I almost feel guilty about posting this recipe because it’s so simple, but there may be people out there who haven’t seen or heard about these Pecan Pretzel Turtles. They make a great gift and are a nice addition to a homemade cookie tray. I had never heard of these candies until I got a book for my Kindle a couple of years ago that was full of five-minute recipes. This was one of them. I have seen several versions of this recipe floating around on the internet since first seeing them in the book. All of the recipes contain instruction to assemble the candy in the same way, but the cooking temperature and time vary. I found that the temperature in the book was too low. (I would link to the book on amazon.com, but I can’t find it.)
Here’s how you make these simple candies.
First preheat your oven to 250 degrees, Fahrenheit.
When you remove them from the oven, place a pecan half on top of the Rolo Candy and apply a gentle downward pressure. The candy should go down easily under the weight of your finger and the pecan. You are pushing down on the pecan. Do not touch the candy. It is hot and will burn you. When the candy has spread out and is almost covering the pretzel, stop and move on to the next one.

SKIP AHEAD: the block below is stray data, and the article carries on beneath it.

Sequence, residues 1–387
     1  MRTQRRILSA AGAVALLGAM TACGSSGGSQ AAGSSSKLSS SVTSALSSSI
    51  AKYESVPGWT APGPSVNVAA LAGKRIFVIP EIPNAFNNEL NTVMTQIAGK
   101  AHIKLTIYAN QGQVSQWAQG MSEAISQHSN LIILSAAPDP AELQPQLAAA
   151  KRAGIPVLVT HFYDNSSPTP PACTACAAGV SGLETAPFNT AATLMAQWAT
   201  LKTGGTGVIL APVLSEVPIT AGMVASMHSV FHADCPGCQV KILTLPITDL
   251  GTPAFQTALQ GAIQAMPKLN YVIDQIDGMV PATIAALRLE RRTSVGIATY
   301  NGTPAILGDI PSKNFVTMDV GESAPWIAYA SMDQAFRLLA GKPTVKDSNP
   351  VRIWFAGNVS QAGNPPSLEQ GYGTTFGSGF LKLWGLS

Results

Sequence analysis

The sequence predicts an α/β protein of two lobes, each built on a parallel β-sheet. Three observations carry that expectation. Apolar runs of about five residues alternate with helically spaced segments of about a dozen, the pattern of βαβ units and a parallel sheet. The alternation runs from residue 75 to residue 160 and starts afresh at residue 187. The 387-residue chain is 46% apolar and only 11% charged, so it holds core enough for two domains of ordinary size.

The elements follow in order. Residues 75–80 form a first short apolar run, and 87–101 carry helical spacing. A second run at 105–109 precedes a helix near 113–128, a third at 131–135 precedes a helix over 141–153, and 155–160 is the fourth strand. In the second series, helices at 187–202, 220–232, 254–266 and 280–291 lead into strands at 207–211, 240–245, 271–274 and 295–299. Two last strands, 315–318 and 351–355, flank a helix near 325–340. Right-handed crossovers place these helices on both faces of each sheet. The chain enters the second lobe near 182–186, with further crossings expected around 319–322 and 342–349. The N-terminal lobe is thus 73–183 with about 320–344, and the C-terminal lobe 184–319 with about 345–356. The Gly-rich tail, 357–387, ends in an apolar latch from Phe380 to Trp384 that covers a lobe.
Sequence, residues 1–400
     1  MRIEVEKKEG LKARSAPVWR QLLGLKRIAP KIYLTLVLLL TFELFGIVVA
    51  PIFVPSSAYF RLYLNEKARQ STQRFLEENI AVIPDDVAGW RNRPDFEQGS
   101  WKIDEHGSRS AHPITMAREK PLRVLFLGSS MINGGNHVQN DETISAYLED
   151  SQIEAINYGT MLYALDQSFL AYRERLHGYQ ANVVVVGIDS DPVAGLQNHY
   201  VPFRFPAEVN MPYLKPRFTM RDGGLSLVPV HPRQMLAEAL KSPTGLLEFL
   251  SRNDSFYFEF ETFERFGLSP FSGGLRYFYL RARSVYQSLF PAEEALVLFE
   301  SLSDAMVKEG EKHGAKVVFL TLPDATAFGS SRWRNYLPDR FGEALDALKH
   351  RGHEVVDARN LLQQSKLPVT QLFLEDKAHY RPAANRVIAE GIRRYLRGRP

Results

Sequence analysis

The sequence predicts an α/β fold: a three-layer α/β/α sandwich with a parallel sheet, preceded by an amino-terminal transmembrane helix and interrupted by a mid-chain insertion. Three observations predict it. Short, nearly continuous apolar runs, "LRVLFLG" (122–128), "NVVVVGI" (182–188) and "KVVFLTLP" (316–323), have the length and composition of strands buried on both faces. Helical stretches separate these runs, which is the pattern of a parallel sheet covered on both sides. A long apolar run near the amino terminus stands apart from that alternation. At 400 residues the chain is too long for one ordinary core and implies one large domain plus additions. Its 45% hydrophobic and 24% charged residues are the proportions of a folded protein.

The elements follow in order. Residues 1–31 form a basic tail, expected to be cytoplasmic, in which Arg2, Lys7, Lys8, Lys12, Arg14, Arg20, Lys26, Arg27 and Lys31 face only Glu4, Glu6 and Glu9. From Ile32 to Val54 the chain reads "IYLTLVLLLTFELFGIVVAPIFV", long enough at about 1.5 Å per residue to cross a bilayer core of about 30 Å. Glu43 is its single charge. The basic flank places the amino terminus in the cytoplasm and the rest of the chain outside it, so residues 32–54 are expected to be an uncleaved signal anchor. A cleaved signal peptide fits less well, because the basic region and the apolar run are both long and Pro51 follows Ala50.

- 48 small round or square pretzels
- 1 bag of Rolo candy
- 48 pecan halves
- Preheat oven to 250 degrees.
- Place a sheet of parchment parchment paper on a cookie sheet.
- Arrange pretzels in a single layer on the parchment paper.
- Remove the foil from each Rolo candy, and place one candy on top of each pretzel.
- Place cookie sheet into the preheated oven and bake for 4 minutes.
- Remove from oven and immediately place a pecan half on top of each Rolo, pressing down gently until the candy has spread to the edge of the pretzel. Be careful so that the chocolate continues to cover the caramel center.
- Allow to cool to room temperature, then put them into the refrigerator or freezer until the candy firms up again.
- Store in an airtight container with waxed paper between the layers.
Store the turtle candies in an airtight container, separating layers with wax paper.